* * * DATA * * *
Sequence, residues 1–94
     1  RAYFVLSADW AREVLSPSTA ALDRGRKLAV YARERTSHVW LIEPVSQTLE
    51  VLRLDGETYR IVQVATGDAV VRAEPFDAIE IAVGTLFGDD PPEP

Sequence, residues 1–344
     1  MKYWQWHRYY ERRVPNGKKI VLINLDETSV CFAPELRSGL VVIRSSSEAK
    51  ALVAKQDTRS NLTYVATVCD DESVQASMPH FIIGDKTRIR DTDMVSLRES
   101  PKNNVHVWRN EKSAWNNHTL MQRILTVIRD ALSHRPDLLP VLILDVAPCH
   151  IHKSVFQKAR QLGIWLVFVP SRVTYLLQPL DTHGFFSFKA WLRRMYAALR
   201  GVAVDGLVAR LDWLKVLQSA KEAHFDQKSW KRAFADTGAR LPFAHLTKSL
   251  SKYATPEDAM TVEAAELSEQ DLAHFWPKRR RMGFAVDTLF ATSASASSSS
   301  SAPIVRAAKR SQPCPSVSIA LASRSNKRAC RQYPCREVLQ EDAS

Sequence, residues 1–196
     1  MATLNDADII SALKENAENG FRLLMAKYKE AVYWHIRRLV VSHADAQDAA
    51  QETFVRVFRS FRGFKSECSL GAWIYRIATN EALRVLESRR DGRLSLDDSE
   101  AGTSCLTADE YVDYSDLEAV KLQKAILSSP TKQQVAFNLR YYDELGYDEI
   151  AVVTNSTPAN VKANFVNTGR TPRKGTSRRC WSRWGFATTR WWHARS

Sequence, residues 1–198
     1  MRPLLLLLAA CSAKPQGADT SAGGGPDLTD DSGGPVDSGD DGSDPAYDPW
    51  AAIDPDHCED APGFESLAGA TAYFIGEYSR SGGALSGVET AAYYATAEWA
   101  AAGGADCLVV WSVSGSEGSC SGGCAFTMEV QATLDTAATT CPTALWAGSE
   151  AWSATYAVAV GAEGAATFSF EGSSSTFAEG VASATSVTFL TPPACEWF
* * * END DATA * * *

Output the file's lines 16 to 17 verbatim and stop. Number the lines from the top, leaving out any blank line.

   151  AVVTNSTPAN VKANFVNTGR TPRKGTSRRC WSRWGFATTR WWHARS

Sequence, residues 1–198